Policy is included for direction on service plans, reports, capital plans and performance measures in support of the BTAA, and policy for ministerial accountability reports in support of the BBMAA. Government's accounting policies are disclosed at the end of the reporting section. BTAA, BBMAA and FAA report requirements and responsibilities are summarized in the information and reference section.
Chapter coverage includes policy for the management of government expenses. Ministers and deputy ministers have statutory responsibility for the control of public money. To carry this out, ministers or deputy ministers usually authorize ministry officials to initiate spending, certify goods/services received and requisition payments.
In addition, the chapter clarifies delegation of authority policy, expense authority (formerly spending authority) responsibilities and policies, including expense initiation and account approval.
This chapter outlines the role of the Province in managing the overall capital plan, and for ministries and agencies in managing their capital asset projects. Ministry and agency capital plans require aggregation into a single provincial plan to determine priorities and overall funding.
Policy covers the need to fully consider alternative procurement approaches to build and operate public assets, such as public-private partnerships, out-sourcing and risk transference. A reference link is provided to the Capital Asset Management Framework that contains standards, guidelines and tools to support public sector capital management.
This comprehensive chapter includes policy for all aspects of procurement of goods, services and construction, including: planning; pre-award and solicitation; contract selection and award; contract administration and monitoring; evaluation and reporting.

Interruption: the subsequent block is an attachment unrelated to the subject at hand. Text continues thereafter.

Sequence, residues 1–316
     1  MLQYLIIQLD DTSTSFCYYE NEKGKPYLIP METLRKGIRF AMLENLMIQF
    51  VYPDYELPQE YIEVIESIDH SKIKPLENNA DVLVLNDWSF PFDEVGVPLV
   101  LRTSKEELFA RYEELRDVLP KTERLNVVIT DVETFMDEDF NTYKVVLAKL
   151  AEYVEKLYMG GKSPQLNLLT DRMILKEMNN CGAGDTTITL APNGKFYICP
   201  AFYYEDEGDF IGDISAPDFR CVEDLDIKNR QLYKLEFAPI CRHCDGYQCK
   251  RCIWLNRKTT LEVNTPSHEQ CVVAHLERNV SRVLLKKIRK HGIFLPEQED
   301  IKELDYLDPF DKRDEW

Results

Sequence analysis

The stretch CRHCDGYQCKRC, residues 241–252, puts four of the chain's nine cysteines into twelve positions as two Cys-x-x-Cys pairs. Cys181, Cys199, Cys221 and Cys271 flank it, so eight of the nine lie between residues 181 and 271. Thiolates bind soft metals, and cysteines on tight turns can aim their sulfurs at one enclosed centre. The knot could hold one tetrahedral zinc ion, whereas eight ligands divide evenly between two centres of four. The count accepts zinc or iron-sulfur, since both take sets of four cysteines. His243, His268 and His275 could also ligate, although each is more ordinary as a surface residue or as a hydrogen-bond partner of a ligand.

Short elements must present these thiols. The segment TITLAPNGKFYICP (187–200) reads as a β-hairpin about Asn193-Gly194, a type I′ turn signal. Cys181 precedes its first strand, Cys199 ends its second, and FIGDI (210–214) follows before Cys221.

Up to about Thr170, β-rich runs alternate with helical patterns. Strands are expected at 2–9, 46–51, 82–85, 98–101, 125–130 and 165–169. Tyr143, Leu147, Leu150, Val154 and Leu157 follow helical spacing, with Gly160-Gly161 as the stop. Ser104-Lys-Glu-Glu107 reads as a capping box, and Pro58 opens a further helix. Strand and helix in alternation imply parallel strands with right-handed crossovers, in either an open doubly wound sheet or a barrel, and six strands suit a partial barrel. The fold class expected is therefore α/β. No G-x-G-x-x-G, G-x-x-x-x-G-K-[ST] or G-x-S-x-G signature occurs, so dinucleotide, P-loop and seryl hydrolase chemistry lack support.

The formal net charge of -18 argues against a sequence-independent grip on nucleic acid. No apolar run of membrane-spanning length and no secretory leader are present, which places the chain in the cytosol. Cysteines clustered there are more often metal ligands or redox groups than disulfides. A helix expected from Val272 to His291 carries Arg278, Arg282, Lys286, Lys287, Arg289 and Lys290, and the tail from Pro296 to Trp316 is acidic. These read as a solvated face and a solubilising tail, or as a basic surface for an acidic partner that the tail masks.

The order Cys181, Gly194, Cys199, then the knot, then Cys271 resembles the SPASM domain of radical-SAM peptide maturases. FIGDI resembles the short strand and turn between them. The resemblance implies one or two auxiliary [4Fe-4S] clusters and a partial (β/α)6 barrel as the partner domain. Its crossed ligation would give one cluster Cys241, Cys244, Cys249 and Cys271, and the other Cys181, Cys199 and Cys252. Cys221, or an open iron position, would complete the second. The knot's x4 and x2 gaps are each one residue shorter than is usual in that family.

Policy on specific topics is provided for corporate supply and disposal arrangements, information management and information technology procurement, and the vendor complaint review process.
Chapter content covers policy to support a revenue and accounts receivable management framework that accounts, monitors and reports revenue from the point of claim and recognition to collection. This includes resolution by actions, such as set-off, write-off, extinguishment and remission.
This chapter covers general information on the management and safeguarding of assets, including policy on inventory, tangible capital assets and other assets, loss reporting, equity investments and performance bonding.
This chapter describes two main contingent liabilities for government: guarantees and indemnities, and their related approval and authority requirements. Effective management by ministries requires assessment and control of the underlying risks associated with guarantees and indemnities.
This chapter presents all significant travel policy that an employee or expense authority officer is expected to be aware of in completing a travel reimbursement claim, including approval to travel and alternatives to travel. The roles and responsibilities for employees and expense authority officers are outlined to supplement policy understanding. Rate tables for meals, per diems and accommodation, and iExpenses user information are included to round out the chapter as a one-stop reference.